Drug Controversy Continues to Trouble the Waters

American swimmer Jenny Thompson says she likes the high-canopied ceiling at the Olympic Aquatic Center at Georgia Tech University. "It just looks good," she says, explaining that the size of the starting blocks, the depth of the pool, and lane markers can all influence performance.

The problem for ceiling-admirers like Thompson is that something much darker hangs over the open-air Tech pool in this week's swimming competition, namely a cloud of suspicion. Swimming is currently caught in a crisis of trust, brought on, but not limited to the Chinese women.

They were suspected of taking banned drugs at the '92 Barcelona Olympics, when their emergence reminded people of how East German women set off alarm bells with their rise to power in 1976. No positive drug tests occurred in '92, but at the 1994 Asian Games, seven Chinese failed drug tests and received bans of varying lengths. There have been waves ever since.

Last summer, China was banned from the Pan Pacific Championships, a major international meet held in Atlanta. Australia suggested that the International Olympic Committee ban China from the Centennial Games, but the IOC rejected the idea.

Then, shortly before the Olympics began, the World Swimming Coaches' Association set up an organization intent on pressuring swimming's world governing body, FINA, to take a tougher stand on the drug issue. Of concern are substances medically viewed as aids to building strength and stamina during training. FINA, the acronymn used by the Federation Internationale de Natation Amateur, responded last week by announcing that any country guilty of four doping offenses within a 12-month period would be handed a two-year suspension. Had these rules been in effect earlier, China would not have swimmers in Atlanta.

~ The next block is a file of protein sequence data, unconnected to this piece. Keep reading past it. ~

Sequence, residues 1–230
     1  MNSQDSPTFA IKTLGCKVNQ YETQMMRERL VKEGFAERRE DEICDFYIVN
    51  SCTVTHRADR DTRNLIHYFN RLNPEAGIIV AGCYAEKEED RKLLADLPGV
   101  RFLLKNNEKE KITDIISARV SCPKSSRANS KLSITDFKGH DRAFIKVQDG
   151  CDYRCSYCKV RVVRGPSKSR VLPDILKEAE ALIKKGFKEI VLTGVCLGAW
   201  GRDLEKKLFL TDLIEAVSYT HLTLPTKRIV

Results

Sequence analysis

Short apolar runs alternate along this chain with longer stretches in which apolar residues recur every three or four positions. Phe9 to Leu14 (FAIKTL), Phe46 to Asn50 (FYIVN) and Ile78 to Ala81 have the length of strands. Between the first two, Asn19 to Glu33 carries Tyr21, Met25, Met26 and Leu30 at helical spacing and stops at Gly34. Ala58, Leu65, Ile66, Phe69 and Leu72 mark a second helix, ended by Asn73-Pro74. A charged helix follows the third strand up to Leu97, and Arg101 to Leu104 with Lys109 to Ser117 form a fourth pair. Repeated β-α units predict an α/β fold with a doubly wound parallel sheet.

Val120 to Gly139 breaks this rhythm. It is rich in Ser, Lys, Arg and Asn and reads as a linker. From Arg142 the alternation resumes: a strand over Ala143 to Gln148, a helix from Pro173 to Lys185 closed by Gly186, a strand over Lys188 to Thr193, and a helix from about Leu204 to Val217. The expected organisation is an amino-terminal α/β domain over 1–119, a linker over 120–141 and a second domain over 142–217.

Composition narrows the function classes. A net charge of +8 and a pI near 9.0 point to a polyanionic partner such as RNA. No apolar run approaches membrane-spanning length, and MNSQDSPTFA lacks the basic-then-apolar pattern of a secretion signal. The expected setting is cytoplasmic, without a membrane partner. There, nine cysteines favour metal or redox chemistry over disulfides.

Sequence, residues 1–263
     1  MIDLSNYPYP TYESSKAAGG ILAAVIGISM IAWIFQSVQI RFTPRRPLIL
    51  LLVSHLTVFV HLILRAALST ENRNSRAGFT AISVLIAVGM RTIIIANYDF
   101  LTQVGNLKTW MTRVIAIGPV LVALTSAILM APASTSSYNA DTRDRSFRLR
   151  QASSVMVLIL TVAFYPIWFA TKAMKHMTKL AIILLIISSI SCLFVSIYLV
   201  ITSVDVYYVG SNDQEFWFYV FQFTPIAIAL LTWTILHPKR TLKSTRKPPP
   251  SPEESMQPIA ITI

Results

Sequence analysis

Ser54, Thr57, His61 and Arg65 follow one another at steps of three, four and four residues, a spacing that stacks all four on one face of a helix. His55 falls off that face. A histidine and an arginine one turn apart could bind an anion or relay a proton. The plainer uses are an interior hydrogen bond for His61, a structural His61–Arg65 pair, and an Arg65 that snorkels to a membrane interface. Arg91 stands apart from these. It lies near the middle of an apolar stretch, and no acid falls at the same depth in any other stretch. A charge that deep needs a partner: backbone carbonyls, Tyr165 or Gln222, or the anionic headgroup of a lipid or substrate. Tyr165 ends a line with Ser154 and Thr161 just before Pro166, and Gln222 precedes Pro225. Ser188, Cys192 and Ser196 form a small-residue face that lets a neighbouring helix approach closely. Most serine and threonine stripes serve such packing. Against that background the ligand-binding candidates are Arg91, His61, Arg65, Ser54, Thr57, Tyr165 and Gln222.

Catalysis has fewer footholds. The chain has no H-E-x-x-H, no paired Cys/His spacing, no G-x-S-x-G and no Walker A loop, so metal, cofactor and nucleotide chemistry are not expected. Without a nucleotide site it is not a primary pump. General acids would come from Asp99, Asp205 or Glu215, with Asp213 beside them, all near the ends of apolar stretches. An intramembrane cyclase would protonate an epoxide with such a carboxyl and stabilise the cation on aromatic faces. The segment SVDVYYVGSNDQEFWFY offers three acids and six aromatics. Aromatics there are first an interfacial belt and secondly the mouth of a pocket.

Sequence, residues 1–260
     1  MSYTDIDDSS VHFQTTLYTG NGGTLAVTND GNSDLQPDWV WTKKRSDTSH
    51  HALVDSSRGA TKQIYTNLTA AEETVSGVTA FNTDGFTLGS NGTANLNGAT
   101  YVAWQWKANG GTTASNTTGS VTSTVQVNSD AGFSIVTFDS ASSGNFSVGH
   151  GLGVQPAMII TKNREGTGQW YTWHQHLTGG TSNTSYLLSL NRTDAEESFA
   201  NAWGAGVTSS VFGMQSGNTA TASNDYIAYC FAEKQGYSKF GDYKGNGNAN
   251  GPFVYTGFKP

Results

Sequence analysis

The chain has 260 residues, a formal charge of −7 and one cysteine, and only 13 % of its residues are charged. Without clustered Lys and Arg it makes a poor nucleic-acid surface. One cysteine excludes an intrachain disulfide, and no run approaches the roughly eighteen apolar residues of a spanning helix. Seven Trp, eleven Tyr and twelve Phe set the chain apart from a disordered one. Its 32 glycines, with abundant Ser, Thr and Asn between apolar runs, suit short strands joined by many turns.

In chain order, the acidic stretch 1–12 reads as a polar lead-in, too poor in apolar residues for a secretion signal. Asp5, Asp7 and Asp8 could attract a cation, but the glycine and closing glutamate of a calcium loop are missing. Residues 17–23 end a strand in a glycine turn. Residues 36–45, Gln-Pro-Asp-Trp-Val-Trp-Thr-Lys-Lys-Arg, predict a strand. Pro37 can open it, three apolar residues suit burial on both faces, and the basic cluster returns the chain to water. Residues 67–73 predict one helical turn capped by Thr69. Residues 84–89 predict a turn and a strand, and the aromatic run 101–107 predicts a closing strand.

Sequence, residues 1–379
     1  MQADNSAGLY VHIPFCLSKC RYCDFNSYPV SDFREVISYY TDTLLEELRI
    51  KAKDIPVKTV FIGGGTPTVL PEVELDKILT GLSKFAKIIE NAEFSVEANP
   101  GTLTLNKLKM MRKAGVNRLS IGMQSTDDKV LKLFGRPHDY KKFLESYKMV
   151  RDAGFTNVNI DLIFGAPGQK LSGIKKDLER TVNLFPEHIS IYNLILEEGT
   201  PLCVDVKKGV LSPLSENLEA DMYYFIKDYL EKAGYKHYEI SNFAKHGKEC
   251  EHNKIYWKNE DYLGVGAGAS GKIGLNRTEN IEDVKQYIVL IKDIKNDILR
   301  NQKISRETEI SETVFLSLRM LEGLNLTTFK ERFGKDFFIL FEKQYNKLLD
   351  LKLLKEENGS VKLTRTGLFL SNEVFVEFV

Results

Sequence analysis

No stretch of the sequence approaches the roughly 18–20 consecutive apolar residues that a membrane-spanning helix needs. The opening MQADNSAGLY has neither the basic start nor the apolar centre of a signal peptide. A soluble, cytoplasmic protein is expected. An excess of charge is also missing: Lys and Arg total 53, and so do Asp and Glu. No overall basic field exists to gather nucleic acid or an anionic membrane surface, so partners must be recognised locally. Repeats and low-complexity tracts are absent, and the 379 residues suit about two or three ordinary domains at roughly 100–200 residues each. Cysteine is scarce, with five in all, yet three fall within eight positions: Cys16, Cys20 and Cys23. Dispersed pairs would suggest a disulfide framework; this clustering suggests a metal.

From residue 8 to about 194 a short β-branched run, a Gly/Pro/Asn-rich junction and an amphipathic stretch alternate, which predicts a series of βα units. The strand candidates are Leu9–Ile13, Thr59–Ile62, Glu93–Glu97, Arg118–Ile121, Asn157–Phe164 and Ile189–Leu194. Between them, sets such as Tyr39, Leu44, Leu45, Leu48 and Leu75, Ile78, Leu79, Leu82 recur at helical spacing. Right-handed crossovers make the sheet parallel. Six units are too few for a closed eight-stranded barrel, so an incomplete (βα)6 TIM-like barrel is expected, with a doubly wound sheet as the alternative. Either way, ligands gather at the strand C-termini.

American Janet Evans, an Opening Ceremony torchbearer who is competing in her third Olympics, says she favors stiff measures. She says that when she won three gold medals at age 17 in 1988, she was too naive to be intimidated by East Germans suspected of using so-called performance-enhancing drugs. Revelations have since confirmed these suspicions.

"In '88 I could see how the other American girls looked at the East Germans and said, 'I can't beat them,' " Evans recalls. "I was too young and figured I could win anyway. Then the [Berlin] wall fell and I said there would not be any organized drug use, but now you still have allegations against other countries."

The Chinese arrived in Atlanta "clean," based on tests conducted only a week before their Olympic arrival. Clearly, however, many people view such reports warily and only hope that Olympic drug testers, with their state-of-the-art sophistication, can stay a step ahead of those who might attempt to avoid detection.

Despite these past problems, the Chinese women in Atlanta are showing early signs of success with Le Jingyi's winning the gold medal in the 100-meter freestyle on Saturday.

When drug suspicions are introduced to any sport, they don't lift easily. Rowdy Gaines, a gold medalist at the 1984 Games, says, "The first thing people ask when someone swims fast is, 'Is that person on drugs?' "

Drug testing is far from new in swimming. American Rick DeMont was stripped of his gold medal at the 1972 Munich Olympics for taking a banned medication. The incident was a fiasco and still may not have achieved closure. Less than two months before the Atlanta Olympics, he brought suit against US Olympic officials for what he views as their negligence.

Samantha Riley is a star of Australia's Olympic team and noted role model. Yet she took a prescription medication last November that neither she nor her coach realized was banned. She tested positive, but FINA allowed her to continue competing. A more troubling case is that of American Jessica Foschi, who was suspended for two years by FINA for testing positive for steroid use last summer. She proclaimed her innocence, suggesting that someone set her up. Much controversy has surrounded this disturbing episode raises questions about a double standard. Surprise out-of-competition testing is viewed as the surest means of catching cheaters. The US Olympic Committee recently adopted such a program.

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